To further avoid drive wear, it has an algorithm to make certain that each block within the drive gets an amount that is equal to processes. They call it wear-leveling and occurs instantly when the drive resumes work.
Due to the read/write information movement, SSDs generally have more than the required storage. Some portion of the drive stays unreported to the system, and hence, is inaccessible. It allows room for any drive to go and delete things without impacting the storage capability.
Advantages of Solid State Drives (SSD)
Here are some pro points of Solid State Drives-
- High speed– Expect 35 to 100 microseconds speed. That’s about 100 times quicker compared to an HDD.
- Reliability– The SSD has no moving parts that provide better performance and has great reliability.
- Less power consumption– The SSD uses less power than any other storage device, which means you will save big on electricity bills.
- No moving– Since SSDs are non-moving devices, they don’t make any sound. No moving = No noise and no vibration. Additionally, it’s lightweight.
- More practical sizes– The size of an SSD is available in 1 inch, 1.8 inches, and 2.5 inches that’s much smaller than an HDD.
Disadvantages of Solid State Drives (SSDs)
Here are some cons of Solid State Drives
- Costly– SSDs are expensive storage devices. So, computers using SSDs are more costly than traditional storage systems.
- Low capacity– Currently the market has limited storage capacity SSDs. The space of computers with SSDs is 128GB to 480GB.
- Low life span– Solid State Drives fail to last long. Each time the process of the write cycle including rewriting or erasing of the data on the SSD is completed, the cells of this storage device begin to decay.
How do Solid State Drives (SSDs) work?
Most smartphones can store 128 GB and this solid-state drive has 1 TB of data storage. Inside the SSD card, there is an individual memory cell called “charge trap flash”. This memory cell stores 3 bits of information by trapping different levels of electrons on a charge trap. A few extra electrons are 1-1-1 while a lot of electrons are 0-0-0.
Measuring this value doesn’t change the number of electrons and once electrons are placed on the charge trap, they stay trapped there for years. However, when the memory cells are erased the electrons are forcibly removed.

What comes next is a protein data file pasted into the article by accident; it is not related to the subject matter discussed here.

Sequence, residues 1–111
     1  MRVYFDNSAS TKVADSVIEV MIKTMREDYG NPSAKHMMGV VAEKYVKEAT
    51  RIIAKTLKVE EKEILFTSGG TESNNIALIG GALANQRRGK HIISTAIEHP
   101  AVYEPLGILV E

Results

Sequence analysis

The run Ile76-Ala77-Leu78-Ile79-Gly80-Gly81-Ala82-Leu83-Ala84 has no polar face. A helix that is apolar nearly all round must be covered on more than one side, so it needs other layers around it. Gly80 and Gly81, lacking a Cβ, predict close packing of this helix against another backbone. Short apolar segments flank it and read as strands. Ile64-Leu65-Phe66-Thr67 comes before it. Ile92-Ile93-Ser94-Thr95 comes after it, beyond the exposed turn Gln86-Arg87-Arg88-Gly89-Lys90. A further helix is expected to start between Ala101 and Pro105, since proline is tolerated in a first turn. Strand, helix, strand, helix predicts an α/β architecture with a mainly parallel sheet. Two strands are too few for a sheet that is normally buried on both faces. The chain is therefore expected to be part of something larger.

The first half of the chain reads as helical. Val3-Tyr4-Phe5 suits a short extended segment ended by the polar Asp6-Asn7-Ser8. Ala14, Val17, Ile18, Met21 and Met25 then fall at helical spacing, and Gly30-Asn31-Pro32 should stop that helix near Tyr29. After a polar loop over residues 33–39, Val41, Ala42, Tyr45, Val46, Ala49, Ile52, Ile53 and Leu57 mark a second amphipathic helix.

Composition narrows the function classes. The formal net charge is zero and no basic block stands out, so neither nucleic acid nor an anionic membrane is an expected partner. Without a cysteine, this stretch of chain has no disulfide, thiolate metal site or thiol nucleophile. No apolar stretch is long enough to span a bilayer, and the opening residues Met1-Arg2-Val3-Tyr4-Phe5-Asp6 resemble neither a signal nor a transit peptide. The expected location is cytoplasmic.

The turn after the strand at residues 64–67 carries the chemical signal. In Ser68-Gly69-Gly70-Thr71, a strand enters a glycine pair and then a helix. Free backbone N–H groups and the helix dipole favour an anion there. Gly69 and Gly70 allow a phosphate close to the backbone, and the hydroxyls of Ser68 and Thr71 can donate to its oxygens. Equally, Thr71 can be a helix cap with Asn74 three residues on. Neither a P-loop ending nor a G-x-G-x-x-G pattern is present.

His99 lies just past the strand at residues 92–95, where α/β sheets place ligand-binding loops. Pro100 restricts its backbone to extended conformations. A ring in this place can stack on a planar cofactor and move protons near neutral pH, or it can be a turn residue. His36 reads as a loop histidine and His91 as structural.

First, these memory cells are stacked in layers, usually 100. Then these stacks of cells are copied 40k columns across and 50k rows down. But how does the disk choose the row and layer to access data from and add data to? Well, the control gate selectors come into the picture here, besides layers and bit line selectors.
|Point of Difference||HHD||SSD|
|Full form||Hard Disk Drive||Solid State Drive|
|Storage capacity||High storage capacity.||Limited storage capacity.|
|Heat||A lot of heat is generated due to the moving parts.||Very little heat is generated as there are no moving parts.|
|Power consumption||More power consumption.||Less power consumption.|
|Size||2.5 inches and 3.5 inches.||1 inch, 1.8 inches, and 2.5 inches|
Now coming to the most common question, which is better SSD or HDD?
To get to the gist of SSD vs HDD, let’s compare the two on vital parameters.
SSDs are much faster than HDD. So it’s sensible to use SSDs as boot drives or to store any data required frequently like games. For instance, if you’re moving files using an SSD, the copying speed can go as high as a few hundred megabytes. On the other hand, the maximum speed when you’re using a hard disk drive would be no more than a hundred megabytes.
The SSD harddrive fares unevenly on the storage capacity front. An SSD will cap at 8TB, whereas an HDD will cap at 20TB (it is also the largest HDD), whereas an SSD can have 100TB on a single drive (it’s also the highest capacity for an SSD).
SSD just takes power for receiving or writing data directly, whereas HDD needs power for the motor to spin the disk move arm. Also, the HDD runs hotter than an SSD.
SSD vs HDD reliability is the key decision factor. Since the SSD has no moving parts, it is more reliable with the all-important data. Whereas, HDD has a fragile disk and moving arm and heads that can be damaged easily.
When it comes to SSD vs HDD price, the former is costlier. HDDs are a definite lot less expensive than SSDs. You get a lot of storage for less money with an HDD. So, it’s preferable for mass storage. But SSD prices have been falling quite drastically for a couple of years. Still, HDD is nearly half the price of SSD.
HDD is noisy when it spins, on the other hand, SSD is noise-free.
If you are using laptops for daily and normal purposes, such as reading blogs, writing emails, and surfing the internet, an HDD would be the wiser investment. But, intensive operations like gaming, video editing, etc require SSD for smooth functioning.
When it comes to SSD vs HDD, it’s a tough choice to make. But with the information provided above, we have made it a bit easier for you. The thumb rule is to choose wisely according to your unique requirements and budget. Stay tuned for more such useful information.